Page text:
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Antagonistic Acculturation

George Devereux and Edwin M. Loeb
American Sociological Review
Vol. 8, No. 2 (Apr., 1943), pp. 133-147
Stable URL: http://www.jstor.org/stable/2085878
Page Count: 15
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Since scans are not currently available to screen readers, please contact JSTOR User Support for access. We'll provide a PDF copy for your screen reader.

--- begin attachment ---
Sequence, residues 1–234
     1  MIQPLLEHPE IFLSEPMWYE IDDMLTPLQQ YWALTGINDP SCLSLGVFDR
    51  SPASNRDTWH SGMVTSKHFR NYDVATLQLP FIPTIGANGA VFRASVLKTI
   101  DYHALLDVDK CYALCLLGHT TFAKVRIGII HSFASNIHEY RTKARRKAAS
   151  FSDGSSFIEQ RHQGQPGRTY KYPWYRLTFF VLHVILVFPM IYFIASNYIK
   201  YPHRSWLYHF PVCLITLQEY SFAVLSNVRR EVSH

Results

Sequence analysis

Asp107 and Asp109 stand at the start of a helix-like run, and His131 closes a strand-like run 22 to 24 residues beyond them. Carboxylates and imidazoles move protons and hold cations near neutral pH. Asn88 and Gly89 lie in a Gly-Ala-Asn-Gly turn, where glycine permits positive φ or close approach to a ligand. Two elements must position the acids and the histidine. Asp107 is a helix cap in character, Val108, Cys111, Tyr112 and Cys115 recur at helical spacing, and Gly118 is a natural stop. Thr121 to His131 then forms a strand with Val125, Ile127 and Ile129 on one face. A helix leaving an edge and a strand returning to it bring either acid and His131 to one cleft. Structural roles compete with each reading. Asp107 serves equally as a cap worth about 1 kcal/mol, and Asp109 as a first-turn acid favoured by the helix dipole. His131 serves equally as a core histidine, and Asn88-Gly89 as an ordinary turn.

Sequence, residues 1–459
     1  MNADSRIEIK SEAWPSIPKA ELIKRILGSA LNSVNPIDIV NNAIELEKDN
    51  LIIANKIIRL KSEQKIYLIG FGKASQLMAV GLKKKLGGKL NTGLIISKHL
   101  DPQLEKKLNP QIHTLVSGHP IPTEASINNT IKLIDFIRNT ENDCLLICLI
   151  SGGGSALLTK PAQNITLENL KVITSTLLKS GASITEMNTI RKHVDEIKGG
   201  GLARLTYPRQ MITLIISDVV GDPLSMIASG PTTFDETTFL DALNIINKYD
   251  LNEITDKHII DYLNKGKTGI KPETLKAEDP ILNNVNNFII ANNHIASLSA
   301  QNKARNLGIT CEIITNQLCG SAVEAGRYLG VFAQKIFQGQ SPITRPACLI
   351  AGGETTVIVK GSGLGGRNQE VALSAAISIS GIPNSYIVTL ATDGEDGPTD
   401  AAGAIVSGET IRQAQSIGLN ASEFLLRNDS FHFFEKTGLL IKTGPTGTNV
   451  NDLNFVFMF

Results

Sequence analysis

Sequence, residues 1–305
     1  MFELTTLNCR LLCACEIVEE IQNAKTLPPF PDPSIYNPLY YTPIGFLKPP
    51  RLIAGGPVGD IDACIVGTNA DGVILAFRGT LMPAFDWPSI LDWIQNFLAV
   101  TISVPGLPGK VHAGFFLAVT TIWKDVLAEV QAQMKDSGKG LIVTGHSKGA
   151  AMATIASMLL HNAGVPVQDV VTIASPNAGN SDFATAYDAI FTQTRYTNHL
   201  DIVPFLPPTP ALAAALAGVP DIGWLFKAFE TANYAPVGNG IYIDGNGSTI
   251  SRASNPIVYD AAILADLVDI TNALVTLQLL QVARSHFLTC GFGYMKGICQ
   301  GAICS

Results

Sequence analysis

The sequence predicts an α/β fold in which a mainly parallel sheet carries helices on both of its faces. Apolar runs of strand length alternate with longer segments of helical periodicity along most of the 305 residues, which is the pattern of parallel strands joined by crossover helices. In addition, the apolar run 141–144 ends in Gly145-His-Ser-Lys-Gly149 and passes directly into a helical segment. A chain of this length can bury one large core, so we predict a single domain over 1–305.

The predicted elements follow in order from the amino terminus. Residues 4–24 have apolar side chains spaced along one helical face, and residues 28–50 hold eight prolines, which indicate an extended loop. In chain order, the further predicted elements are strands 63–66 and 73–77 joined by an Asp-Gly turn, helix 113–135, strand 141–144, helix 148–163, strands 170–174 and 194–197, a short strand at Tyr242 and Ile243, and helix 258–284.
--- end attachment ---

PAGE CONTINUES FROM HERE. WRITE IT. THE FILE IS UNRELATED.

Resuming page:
Antagonistic Acculturation
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Abstract

Human societies are sometimes negatively influenced by their neighbors. They resist the adoption of the neighbor's goals through isolation, through adoption of the neighbor's means and techniques, the better to resist the adoption of his goals, and by evolving customs deliberately at variance with, or the opposite of, the neighbor's ways. Thus, while response to means and techniques may seem positive, response to goals and ends is frequently negative. The problem is analysed both sociologically and psychologically.

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